"icon": "data:image/png;base64,iVBORw0KGgoAAAANSUhEUgAAAAgAAAAICAIAAABLbSncAAAACXBIWXMAAAsTAAALEwEAmpwYAAAAB3RJTUUH4gEeCRYRYwe3nwAAABl0RVh0Q29tbWVudABDcmVhdGVkIHdpdGggR0lNUFeBDhcAAAAXSURBVAjXY2BgYPj//z8WErsoBAw+HQBdc1+hmBJKIwAAAABJRU5ErkJggg==",
"inPorts": [
{
"name": "in",
"schema": {
"type": "object",
"properties": {
"text": { "type": "string" },
"count": { "type": "number" }
},
"required": ["text"]
},
"inspector": {
"inputs": {
"text": {
"type": "text",
"group": "transformation",
"label": "Text",
"index": 1
},
"count": {
"type": "number",
"group": "transformation",
"label": "Count",
"index": 2
}
},
"groups": {
"transformation": {
"label": "Transformation"
}
}
}
}
]
}

When you now republish your component, refresh the Designer page and connect our component to another component, you should see both our properties in the Inspector:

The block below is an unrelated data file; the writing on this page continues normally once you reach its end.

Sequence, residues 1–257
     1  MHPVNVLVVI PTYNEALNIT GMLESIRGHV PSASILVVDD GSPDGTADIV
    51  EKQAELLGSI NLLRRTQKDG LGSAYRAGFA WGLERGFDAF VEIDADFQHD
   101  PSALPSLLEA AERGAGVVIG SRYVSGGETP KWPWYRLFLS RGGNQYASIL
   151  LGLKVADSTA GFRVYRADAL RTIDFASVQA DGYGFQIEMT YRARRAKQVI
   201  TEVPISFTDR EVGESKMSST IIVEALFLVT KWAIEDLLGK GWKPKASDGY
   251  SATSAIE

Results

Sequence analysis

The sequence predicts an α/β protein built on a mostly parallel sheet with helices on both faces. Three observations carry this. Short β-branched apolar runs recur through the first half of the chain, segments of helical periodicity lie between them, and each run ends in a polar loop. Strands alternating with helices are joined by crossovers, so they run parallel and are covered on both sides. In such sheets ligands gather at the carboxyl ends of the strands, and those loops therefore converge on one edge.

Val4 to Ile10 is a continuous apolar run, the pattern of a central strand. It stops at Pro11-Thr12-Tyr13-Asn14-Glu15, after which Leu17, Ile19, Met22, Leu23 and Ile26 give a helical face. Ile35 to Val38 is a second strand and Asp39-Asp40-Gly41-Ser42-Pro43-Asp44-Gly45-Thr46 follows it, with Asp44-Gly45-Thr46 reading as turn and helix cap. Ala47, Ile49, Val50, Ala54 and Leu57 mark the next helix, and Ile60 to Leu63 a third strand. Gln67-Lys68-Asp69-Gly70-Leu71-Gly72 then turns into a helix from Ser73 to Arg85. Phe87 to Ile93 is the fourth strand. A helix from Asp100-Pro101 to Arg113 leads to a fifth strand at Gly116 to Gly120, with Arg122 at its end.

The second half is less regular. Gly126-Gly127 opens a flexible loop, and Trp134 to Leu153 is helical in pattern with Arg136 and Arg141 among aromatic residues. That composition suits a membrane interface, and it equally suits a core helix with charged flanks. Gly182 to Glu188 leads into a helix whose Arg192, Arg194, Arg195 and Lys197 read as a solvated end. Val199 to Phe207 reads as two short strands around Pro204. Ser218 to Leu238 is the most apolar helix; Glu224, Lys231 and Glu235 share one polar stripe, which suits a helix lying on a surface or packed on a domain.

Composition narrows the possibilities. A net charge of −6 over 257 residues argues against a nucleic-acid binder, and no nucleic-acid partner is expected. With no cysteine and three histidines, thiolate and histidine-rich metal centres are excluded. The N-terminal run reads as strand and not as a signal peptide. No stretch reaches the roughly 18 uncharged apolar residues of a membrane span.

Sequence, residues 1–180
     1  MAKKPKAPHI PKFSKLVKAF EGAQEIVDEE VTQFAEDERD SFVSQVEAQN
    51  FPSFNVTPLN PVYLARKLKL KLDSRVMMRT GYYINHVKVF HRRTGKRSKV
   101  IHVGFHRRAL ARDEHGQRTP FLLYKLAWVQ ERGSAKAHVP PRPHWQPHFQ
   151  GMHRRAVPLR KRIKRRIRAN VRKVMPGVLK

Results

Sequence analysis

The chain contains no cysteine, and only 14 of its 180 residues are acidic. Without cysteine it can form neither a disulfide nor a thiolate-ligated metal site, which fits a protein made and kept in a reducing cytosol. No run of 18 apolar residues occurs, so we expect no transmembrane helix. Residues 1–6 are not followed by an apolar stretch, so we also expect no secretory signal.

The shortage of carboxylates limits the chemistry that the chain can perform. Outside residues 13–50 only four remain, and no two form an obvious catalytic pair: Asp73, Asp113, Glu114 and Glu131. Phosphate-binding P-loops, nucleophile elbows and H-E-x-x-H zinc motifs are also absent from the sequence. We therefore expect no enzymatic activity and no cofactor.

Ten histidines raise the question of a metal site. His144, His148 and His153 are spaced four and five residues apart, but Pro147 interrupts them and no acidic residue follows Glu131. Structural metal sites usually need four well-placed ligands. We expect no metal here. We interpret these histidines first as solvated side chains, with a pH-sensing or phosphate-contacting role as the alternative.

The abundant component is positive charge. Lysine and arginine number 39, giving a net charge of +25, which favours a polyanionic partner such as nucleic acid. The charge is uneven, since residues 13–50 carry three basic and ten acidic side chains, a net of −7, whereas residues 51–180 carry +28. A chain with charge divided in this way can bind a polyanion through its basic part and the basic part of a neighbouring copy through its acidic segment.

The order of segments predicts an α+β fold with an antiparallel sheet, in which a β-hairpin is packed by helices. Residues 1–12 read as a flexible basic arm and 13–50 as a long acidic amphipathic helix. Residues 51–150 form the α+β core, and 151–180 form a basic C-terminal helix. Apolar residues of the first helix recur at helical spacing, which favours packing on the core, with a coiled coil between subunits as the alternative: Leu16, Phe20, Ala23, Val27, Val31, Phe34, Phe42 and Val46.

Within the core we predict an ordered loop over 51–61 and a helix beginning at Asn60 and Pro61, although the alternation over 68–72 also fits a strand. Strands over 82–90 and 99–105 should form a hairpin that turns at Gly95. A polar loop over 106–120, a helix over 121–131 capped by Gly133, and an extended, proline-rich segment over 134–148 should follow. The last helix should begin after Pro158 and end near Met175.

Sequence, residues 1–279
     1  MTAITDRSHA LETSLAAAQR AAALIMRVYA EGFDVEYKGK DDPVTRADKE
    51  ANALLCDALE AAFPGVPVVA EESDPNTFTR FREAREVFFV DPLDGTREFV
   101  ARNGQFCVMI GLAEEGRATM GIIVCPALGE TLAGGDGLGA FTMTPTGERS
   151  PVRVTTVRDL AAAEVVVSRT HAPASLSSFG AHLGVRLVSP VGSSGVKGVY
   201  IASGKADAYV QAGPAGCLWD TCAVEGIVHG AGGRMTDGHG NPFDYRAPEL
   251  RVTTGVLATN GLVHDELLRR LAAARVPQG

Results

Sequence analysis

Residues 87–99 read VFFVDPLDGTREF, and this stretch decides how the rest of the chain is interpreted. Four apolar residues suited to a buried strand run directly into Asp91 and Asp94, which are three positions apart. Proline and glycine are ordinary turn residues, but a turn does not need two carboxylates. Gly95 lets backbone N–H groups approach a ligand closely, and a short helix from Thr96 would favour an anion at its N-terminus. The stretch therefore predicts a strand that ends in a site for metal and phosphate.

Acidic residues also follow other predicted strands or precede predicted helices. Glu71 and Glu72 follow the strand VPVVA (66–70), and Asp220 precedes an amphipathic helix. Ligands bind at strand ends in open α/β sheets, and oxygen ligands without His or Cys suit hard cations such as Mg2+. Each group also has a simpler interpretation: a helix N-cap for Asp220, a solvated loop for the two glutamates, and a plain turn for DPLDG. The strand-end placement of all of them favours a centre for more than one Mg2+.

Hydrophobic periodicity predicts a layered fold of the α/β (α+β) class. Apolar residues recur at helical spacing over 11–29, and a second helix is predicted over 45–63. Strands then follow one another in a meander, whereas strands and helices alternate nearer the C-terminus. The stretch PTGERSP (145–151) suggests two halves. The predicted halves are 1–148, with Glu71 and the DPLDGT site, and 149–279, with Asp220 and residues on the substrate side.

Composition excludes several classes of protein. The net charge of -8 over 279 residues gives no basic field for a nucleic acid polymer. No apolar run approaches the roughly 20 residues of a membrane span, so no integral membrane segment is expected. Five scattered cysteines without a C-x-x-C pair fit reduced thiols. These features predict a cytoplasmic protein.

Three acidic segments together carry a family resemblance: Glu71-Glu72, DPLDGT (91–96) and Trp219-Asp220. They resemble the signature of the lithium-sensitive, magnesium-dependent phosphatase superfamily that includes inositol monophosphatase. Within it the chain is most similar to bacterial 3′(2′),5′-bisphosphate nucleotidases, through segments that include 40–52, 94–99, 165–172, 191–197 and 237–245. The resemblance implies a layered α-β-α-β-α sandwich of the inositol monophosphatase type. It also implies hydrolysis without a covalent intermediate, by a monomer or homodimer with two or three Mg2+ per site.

$ appmixer pack myservice
$ appmixer publish myservice.zip

Note that we're using the Controls/OnStart component in our flow below. This utility component is useful especially during development of your custom components as the only thing it does is that it triggers/fires as soon as we start our flow.

Custom Component Inspector panel

Note that at this point, our component will still not work. If you try to run this flow, you will notice errors coming from the engine in the Insights/Logs page (click on the triple dot and then go to Insights):

This is because we have defined an input port on our component but did not yet implement the receive() method.

Sending HTTP Requests